Senator John Flanagan (2nd Senate District) proudly voted in favor of a historic property tax relief legislation that enacts a cap on the growth of local property taxes. The bill will provide taxpayers of Long Island with the property tax relief they need by limiting the growth of school and local taxes to less than two percent or the Consumer Price Index (CPI), whichever is lower.
In an effort to protect the services that many Long Islanders need and deserve, the legislation also includes mandate relief with $127 million in savings to local governments, in addition to the creation of a Mandate Relief Council to identify and repeal unsound, unduly burdensome laws and regulations.
The legislation was also approved by the Assembly and signed into law by Governor Andrew Cuomo. It will start working for the taxpayers of New York State in July.
“Enacting a tax cap to protect our homeowners was my first priority this year. By combining it with much-needed mandate relief, it is a sensible way to help our families stay here on Long Island without harming the overall quality of life we all have come to expect and appreciate,” stated Senator Flanagan. “The simple truth is that our state has been losing residents and businesses because they cannot reach any further in their pockets to pay skyrocketing property and job-killing business taxes. This change will help ensure that our residents have clear voice in how the governments that work for them operate and give them a say in their community.”
This tax cap would shift the focus from total spending to the actual property taxes levied to support school district and local government expenses. The bill includes the following provisions:
· This bill limits tax growth to the lesser of two percent or the annual increase in the CPI. Only the “Big 5” school districts of Buffalo, Rochester, Syracuse, Yonkers and New York City would be exempt since they are funded through city budgets.
· The exceptions for a tax levy above two percent or CPI are funds needed to support voter-approved capital expenditures, pensions, torts over five percent of the prior year’s levy, and an override of the cap.
· This bill also allows the growth in the levy due to physical and quantitative change.
· A school district would be required to submit a tax levy proposition for approval by voters at the district's annual meeting on the 3rd Tuesday in May. If the proposed tax levy is within the district's tax levy limit, then a majority vote would be required for approval.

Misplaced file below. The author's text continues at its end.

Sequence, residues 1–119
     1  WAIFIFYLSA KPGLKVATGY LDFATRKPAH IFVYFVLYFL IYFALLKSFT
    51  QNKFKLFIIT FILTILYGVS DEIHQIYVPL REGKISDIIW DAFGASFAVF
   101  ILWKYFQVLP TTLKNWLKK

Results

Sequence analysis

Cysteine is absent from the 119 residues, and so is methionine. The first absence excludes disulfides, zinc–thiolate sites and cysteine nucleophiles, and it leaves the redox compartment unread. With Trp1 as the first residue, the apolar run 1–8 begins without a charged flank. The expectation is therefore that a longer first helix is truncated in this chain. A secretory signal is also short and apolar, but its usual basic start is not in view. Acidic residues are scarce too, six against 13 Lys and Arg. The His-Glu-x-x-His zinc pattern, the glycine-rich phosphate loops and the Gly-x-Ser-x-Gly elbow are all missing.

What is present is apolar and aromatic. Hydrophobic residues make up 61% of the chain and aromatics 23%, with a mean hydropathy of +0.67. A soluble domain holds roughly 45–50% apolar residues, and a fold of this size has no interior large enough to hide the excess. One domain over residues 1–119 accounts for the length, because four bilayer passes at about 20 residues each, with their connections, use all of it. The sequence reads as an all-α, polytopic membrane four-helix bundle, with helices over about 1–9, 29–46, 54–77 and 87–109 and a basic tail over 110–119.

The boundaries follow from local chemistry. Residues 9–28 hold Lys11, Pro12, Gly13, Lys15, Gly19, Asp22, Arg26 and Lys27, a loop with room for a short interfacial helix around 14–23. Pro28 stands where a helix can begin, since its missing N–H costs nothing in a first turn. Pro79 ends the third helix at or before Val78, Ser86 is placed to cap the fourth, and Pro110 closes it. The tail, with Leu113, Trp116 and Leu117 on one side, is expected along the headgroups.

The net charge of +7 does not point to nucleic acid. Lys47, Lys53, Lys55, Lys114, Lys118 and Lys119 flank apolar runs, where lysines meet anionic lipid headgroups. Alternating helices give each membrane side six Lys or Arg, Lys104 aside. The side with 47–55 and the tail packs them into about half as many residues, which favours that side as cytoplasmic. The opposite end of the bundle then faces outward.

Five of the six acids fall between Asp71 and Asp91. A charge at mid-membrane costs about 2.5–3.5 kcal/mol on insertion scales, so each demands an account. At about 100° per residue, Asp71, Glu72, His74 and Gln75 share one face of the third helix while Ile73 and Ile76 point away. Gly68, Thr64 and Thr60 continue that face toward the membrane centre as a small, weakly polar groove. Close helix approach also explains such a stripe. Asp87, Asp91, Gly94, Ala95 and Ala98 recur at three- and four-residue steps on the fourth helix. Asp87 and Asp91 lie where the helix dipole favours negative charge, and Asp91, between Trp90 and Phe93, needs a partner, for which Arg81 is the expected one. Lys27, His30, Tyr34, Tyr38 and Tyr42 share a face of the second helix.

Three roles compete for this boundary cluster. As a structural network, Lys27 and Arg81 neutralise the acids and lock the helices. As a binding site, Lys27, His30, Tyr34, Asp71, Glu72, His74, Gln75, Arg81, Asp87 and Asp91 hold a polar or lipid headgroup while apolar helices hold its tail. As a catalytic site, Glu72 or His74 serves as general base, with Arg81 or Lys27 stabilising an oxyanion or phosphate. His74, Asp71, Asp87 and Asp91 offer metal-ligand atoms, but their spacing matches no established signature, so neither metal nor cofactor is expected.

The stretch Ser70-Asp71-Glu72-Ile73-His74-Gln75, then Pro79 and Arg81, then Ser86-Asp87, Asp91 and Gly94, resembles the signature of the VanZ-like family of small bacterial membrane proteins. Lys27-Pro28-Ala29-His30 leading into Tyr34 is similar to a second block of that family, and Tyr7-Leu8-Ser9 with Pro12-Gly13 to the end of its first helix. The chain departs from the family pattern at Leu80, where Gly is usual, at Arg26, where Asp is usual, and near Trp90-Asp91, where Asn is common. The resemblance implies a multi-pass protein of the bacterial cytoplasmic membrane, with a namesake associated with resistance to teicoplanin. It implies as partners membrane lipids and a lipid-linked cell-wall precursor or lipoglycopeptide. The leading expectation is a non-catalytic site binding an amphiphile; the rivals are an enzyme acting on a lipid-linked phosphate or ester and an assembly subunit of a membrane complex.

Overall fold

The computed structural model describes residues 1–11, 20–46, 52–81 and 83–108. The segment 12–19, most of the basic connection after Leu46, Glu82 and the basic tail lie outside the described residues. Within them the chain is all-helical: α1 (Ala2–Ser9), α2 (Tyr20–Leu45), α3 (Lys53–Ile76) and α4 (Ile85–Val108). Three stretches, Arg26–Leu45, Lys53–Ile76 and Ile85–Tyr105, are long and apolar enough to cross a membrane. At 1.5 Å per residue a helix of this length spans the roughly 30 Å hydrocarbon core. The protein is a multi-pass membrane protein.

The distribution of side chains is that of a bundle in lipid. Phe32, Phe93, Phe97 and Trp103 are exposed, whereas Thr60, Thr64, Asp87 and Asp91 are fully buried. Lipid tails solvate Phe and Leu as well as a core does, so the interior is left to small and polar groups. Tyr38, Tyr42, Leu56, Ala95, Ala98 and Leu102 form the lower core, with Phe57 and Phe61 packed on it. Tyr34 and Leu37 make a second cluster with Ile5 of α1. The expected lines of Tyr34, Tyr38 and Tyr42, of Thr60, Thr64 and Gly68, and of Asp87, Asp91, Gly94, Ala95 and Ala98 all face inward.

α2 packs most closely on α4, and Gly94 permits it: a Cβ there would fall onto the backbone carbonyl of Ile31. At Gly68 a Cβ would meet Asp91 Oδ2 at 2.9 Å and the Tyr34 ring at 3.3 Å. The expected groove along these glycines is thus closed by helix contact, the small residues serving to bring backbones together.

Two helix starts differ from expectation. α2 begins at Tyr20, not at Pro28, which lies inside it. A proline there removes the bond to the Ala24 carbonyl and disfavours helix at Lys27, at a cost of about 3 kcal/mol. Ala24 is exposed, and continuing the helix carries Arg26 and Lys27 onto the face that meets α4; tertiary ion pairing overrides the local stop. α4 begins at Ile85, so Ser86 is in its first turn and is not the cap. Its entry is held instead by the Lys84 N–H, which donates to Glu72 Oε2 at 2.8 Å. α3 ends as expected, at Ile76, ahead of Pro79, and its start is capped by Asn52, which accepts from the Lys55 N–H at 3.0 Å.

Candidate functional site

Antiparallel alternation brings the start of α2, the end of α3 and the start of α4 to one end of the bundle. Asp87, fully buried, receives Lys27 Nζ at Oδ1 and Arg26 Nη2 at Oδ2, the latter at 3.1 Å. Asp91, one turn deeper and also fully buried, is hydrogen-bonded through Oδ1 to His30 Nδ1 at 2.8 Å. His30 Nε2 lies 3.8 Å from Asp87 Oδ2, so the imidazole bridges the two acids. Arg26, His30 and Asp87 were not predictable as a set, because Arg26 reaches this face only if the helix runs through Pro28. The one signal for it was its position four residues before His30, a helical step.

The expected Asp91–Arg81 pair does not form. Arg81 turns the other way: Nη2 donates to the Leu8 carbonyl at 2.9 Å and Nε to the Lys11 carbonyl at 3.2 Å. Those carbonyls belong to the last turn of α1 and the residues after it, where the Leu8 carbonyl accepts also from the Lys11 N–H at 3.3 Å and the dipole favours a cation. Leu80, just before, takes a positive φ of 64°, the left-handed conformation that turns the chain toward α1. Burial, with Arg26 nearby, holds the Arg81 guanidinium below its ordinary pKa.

· If the proposed tax levy seeks to override the cap and exceeds the district's tax levy cap, the tax increase would have to be approved by at least 60 percent of the voting public.
· A school district that does not levy an amount up to the cap in any one year would be allowed to carry over unused tax levy capacity into future years. However, this carryover levy capacity cannot be used to increase its tax levy by more than an additional 1.5 percent above the cap in any single year.
· In the event a district's actual tax increase exceeds its authorized amount due to clerical or technical errors, the erroneous excess levy must be placed in reserve to offset the levy for the next school year.
The bill also provides for the same cap to apply to taxes levied by municipal governments. Local governments that do not levy an amount up to the cap in one year can rollover that amount up to 1.5 percent in the following year. These local governments can exceed the cap with a 60 percent vote of the governing body.
Exceptions include the pension and tort judgments in excess of five percent from the prior year’s levy. When enacted, the law would take effect for the 2012-13 fiscal year.
In addition to the cap on tax increases, the mandate relief component would provide real cost savings in the form of $127 million in savings to local budgets. This includes:
· $70 million for all local governments and school districts through piggy-backing and centralized contracts.
· $34.6 million in savings for school districts;
· $13 million for transportation/housing/contracting/procurement/administration for all localities;
· $7.9 million in social services savings for counties; and
· $1.5 million in criminal justice savings.
To continue building on this mandate relief, the legislation also establishes a Mandate Relief Council which will:
· Determine if a statute or regulation is unsound, unduly burdensome, or costly;
· Establish procedures for repealing unfunded mandates in both statute and regulation;
· Provide a mechanism for direct appeals from the State Administrative Procedures Act petition;
· Require the state Comptroller to issue a detailed report on the cost and effect of unfunded mandates;
· Require that all bills that require a local government or a school or special district to take any action contain a fiscal note; and
· Be comprised of 11 members nominated by the Governor and Legislature: two nominations for each of the legislative leaders, and seven nominations for the Governor, including the Secretary to the Governor (who would serve as chair), the Governor’s Counsel, Secretary of State, Director of the Division of Budget, and three additional members from the Governor’s executive chamber staff.